Berkeley police report increase in hate crimes

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Phillip Downey/File
Berkeley police have responded to increasing incidents of hate crime because of the COVID-19 pandemic. Local residents have felt unsafe because of these occurrences.

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The Berkeley Police Department has reported at least four incidents of hate crimes in the city of Berkeley, three of which occurred in the span of a week.

A hate crime is legally defined as an escalated crime where the perpetrator is motivated by a “protected classification,” according to Michael Chang, a campus lecturer in comparative ethnic studies and a federal civil rights attorney.

“Someone is being targeted because of their race, nationality, gender orientation, country of origin, ethnicity or religion,” said Harvey Dong, a campus Asian American studies lecturer. “They’re targeted and an actual crime is committed — they are assaulted or their property is damaged.”

Dong attributed the rise in hate crimes partially to the pandemic, and how it has created an “atmosphere of hate.” Due to tension generated by the COVID-19 pandemic, Dong said Asian Americans have been particularly victimized during the pandemic.

Additionally, Dong described a history in the United States of othering Asian Americans as foreigners, beginning with the internment of Japanese Americans. According to a BPD Nixle alert, a man was arrested May 19 on suspicion of making disparaging comments about people of foreign descent in a 7-Eleven.

“There are very intentional hate crimes that’re directed by white supremacist ideology, so that would be intentional targeting,” Dong said. “(The rise in hate crimes) is definitely part of that atmosphere, given political statements and things on the internet. And it also has to do with mental illness.”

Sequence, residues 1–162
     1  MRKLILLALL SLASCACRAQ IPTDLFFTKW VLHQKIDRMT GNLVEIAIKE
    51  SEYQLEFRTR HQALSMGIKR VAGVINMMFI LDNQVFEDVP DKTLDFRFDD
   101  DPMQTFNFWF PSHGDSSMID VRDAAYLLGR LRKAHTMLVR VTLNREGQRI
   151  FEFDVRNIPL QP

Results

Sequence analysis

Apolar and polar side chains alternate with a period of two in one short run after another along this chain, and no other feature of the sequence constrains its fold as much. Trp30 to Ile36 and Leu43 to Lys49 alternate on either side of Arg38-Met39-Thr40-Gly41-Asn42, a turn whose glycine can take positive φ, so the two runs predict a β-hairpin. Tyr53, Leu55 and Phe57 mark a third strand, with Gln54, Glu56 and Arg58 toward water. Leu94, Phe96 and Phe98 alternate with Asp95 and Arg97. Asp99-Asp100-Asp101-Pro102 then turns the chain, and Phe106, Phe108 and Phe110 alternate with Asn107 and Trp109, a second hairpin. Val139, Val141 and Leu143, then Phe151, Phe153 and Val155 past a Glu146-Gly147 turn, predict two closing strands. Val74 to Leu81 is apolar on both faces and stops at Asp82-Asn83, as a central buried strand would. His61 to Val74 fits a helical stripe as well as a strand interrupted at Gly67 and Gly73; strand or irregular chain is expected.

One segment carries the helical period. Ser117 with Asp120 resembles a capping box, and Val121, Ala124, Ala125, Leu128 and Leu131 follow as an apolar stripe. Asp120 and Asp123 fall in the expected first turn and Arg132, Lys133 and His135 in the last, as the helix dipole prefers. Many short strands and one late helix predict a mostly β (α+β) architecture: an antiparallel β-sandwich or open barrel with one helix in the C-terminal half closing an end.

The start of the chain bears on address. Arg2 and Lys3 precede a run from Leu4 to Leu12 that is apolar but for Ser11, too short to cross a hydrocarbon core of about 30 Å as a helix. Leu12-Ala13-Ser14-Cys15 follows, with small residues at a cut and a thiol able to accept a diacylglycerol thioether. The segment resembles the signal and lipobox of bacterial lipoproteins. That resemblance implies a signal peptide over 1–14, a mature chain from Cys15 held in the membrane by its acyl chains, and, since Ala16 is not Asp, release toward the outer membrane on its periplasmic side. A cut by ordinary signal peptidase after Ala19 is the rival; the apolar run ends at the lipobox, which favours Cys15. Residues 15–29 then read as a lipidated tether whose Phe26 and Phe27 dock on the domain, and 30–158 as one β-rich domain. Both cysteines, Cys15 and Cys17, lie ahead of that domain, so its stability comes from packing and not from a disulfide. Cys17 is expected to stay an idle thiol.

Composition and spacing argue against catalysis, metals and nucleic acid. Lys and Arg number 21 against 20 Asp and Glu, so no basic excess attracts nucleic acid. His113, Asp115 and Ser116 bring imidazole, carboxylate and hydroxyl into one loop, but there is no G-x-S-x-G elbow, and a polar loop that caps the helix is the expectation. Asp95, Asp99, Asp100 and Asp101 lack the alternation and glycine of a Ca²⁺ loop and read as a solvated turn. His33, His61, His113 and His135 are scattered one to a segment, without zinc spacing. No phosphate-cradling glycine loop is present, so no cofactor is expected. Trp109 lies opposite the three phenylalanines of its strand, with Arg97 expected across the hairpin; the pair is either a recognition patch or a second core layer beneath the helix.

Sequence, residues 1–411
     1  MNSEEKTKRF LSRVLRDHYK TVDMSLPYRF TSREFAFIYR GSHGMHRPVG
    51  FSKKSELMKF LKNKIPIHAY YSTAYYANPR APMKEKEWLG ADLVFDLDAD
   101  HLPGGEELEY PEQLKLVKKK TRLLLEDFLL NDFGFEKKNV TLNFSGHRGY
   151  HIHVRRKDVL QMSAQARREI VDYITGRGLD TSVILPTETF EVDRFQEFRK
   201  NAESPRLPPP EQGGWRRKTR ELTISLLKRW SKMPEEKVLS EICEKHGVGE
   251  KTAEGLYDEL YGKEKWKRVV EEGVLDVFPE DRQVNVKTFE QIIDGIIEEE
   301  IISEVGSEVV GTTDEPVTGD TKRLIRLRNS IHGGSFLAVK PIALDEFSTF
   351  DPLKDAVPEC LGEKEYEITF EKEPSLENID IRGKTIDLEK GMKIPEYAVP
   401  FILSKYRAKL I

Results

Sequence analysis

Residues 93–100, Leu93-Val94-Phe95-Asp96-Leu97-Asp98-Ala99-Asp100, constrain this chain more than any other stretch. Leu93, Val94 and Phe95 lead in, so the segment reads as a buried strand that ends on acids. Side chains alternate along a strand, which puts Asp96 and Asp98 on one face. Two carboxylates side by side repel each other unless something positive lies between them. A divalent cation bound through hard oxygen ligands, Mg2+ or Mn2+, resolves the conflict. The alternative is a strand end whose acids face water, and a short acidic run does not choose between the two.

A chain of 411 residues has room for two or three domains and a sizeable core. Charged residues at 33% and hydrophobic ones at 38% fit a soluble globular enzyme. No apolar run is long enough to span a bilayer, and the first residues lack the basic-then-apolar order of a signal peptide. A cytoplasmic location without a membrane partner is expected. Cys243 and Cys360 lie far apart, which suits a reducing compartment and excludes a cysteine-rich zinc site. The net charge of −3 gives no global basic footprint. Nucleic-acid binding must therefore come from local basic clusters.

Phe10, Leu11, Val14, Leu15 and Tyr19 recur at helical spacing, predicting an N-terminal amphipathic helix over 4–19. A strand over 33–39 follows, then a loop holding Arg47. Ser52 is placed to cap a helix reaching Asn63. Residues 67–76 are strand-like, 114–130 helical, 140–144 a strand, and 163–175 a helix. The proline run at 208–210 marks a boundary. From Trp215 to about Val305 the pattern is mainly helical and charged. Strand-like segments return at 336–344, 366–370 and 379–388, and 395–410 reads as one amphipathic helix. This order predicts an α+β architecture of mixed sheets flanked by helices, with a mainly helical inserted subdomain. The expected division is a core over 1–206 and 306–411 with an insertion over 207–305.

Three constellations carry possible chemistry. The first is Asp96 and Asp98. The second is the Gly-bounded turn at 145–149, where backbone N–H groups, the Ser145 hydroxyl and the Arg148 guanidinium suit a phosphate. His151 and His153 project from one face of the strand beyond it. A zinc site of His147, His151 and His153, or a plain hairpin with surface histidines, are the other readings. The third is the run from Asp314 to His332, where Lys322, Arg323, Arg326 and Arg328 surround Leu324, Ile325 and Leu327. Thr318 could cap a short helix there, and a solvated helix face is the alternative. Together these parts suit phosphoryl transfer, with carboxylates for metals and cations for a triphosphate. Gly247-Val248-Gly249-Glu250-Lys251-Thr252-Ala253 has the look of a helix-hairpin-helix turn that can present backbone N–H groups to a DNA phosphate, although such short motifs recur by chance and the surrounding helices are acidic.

Chang noted that other violent incidents, such as a national spike in mass shootings, are representative of an endemic mental health problem. Dong added that those with mental illnesses are greatly affected by society’s atmosphere and are prone to repeating hateful comments if they are common.

Hate crimes have a large impact on the local community, Dong emphasized, especially on elderly individuals. Chang said hate crimes and potential harassment make people “afraid, angry, worried or anxious.”

“I have an elderly family member who maybe thinks twice before they go outside and go for a walk or go shopping,” Dong said. “It confines people within the house, which isn’t what you’d call an atmosphere where people feel safe.”

A solution to hate crimes would require a “root cause analysis” to effectively end the issue and prevent politicization, Chang added. Because of the role played by mental health in hate crimes, both Chang and Dong called for systemic policy changes and the provision of greater social services.

Chang and Dong added that bolstering local law enforcement or expanding criminalization would not resolve a rise in hate crimes.

“You want (anti-hate crime laws) to be robust to disincentivize the behavior,” Chang said. “The law should fully implement the mental health type of remedy. … That includes an understanding of the mental health issues that underlie many of these instances.”

Contact Kavya Gupta, Kira Rao-Poolla and Katherine Shok at [email protected].